Peirce’s early philosophical development relied on a Kantian theory of judgment, but careful study of the logic of relations led him to abandon syllogistic methods in favor of the study of language and belief. His place as the founder of American pragmatism was secured by a pair of highly original essays that apply logical and scientific principles to philosophical method. In The Fixation of Belief (1877) Peirce described how human beings converge upon a true opinion, each of us removing the irritation of doubt by forming beliefs from which successful habits of action may be derived. This theory was extended in How to Make Our Ideas Clear (1878) to the very meaning of concepts, which Peirce identified with the practical effects that would follow from our adoption of them.
In his extensive logical studies, Peirce developed a theory of signification that anticipated many features of modern semiotics, emphasizing the role of the interpreting subject. To the traditional logic of deduction and induction, Peirce added explicit acknowledgement of abduction as a preliminary stage in productive human inquiry. Continuing to defend a Kantian system of categories, Peirce proposed a descriptive metaphysics that presumed the reality of external referents for our sensations.
In a sequel article entitled How to Make Our Ideas Clear (1878), Peirce applied similar principles to the nature of our conceptions of the world. Decrying the obscurity and confusion surrounding us of the notion of clear and distinct ideas in traditional logic, Peirce proposed a new way of thinking about our mental contents:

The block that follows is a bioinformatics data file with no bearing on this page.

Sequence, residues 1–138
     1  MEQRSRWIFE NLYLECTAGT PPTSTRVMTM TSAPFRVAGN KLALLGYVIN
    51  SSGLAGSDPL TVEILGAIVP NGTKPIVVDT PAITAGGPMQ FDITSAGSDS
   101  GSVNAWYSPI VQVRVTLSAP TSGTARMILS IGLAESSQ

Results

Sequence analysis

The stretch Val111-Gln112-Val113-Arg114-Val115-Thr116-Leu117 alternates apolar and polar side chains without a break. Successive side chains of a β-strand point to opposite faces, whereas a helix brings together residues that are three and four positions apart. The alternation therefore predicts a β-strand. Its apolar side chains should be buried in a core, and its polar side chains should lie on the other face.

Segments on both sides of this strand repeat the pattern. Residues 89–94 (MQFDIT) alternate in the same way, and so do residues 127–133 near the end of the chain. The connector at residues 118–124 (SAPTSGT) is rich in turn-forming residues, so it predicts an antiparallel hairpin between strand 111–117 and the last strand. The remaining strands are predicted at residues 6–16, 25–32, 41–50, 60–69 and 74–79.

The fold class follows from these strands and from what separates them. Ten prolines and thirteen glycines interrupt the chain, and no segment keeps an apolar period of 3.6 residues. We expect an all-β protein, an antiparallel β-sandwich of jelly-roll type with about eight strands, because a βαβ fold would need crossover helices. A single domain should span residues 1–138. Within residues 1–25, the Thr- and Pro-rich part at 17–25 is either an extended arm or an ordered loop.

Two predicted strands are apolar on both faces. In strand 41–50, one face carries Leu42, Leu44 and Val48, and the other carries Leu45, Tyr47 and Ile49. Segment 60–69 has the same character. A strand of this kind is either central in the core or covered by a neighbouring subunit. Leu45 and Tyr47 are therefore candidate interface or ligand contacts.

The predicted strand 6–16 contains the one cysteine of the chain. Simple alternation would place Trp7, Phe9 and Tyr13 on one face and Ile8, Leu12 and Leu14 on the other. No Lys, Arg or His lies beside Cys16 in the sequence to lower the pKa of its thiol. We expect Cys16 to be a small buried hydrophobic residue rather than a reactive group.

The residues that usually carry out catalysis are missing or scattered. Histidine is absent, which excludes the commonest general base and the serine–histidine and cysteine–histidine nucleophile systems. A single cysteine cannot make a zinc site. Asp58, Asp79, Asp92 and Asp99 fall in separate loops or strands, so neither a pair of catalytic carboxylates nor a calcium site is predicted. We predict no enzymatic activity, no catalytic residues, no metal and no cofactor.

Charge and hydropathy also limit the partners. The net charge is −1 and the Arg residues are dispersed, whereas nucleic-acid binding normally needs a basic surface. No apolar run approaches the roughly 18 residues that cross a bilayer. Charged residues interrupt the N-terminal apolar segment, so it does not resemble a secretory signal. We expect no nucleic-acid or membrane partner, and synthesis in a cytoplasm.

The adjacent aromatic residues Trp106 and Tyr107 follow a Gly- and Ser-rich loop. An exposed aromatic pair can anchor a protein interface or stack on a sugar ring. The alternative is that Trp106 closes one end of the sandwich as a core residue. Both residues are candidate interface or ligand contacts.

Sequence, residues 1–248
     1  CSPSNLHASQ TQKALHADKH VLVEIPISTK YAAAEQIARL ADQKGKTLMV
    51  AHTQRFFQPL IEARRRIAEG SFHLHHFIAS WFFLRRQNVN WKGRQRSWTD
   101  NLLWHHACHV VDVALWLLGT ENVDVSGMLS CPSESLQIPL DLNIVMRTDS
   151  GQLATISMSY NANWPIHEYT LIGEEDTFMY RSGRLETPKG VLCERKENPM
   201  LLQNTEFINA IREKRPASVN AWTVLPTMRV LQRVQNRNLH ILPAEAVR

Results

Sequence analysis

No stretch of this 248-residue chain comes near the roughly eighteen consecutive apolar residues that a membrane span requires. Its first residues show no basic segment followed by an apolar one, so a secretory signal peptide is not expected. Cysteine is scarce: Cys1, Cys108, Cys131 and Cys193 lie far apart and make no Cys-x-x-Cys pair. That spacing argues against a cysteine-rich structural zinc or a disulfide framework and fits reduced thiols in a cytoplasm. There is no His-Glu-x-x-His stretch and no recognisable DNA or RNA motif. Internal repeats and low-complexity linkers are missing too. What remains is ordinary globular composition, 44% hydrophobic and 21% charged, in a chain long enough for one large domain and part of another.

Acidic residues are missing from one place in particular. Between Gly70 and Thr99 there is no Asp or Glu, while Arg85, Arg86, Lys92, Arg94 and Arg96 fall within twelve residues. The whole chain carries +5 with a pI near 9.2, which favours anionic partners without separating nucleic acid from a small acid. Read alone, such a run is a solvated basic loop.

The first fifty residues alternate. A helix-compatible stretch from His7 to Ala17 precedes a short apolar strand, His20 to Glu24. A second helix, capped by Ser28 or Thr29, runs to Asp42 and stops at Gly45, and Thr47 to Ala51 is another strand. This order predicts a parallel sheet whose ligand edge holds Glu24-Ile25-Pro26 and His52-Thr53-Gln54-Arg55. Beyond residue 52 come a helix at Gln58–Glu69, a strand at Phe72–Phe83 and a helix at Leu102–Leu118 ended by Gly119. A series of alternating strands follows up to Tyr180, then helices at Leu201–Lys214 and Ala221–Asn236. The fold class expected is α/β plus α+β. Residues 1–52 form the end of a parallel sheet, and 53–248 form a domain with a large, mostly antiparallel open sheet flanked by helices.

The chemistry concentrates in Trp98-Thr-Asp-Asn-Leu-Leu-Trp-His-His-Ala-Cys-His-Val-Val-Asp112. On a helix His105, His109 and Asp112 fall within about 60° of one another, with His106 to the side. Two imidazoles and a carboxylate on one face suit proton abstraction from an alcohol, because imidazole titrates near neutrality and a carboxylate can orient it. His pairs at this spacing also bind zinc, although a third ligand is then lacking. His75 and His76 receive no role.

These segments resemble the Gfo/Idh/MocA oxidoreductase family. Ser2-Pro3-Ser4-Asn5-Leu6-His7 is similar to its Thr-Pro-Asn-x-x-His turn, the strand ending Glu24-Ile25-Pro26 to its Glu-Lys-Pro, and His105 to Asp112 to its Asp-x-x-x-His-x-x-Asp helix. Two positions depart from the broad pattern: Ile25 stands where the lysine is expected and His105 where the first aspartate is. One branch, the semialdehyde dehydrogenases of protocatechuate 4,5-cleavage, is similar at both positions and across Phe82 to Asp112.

Consider what effects which might conceivably have practical bearings we conceive the object of our conception to have. Then, our conception of these effects is the whole of our conception of the object.
This principle arises directly from the notion of belief as a habit of thinking that tends to provide a suitable guide to action. But the examples of its application Peirce presented make it even more clear that his pragmatic principles govern the very meaning, as well as the truth, of our beliefs.
In this paper, however, Peirce made it clear that the notion of truth involves not only an appropriate pragmatic connection with reality for the individual believer, but also entails a social relation with other believers. As each one of an indefinitely large number of individual people engages in scientific investigation, their habits of belief will—over the long run—tend to converge upon the same conception of the world, one that most clearly corresponds with reality. As Peirce noted, even human stubbornness, deception, and error can only delay, not completely prevent, our eventual acknowledgement of the natural order.
Having failed to gain the academic employment he desired, Peirce in his later years came to resent the greater popular attention that James achieved for pragmatism. In What Pragmatism Is(1905) Peirce correctly claimed credit for having invented the name of the movement—only to disavow it, claiming to prefer “pragmaticism” as a more descriptive title for his own philosophical method.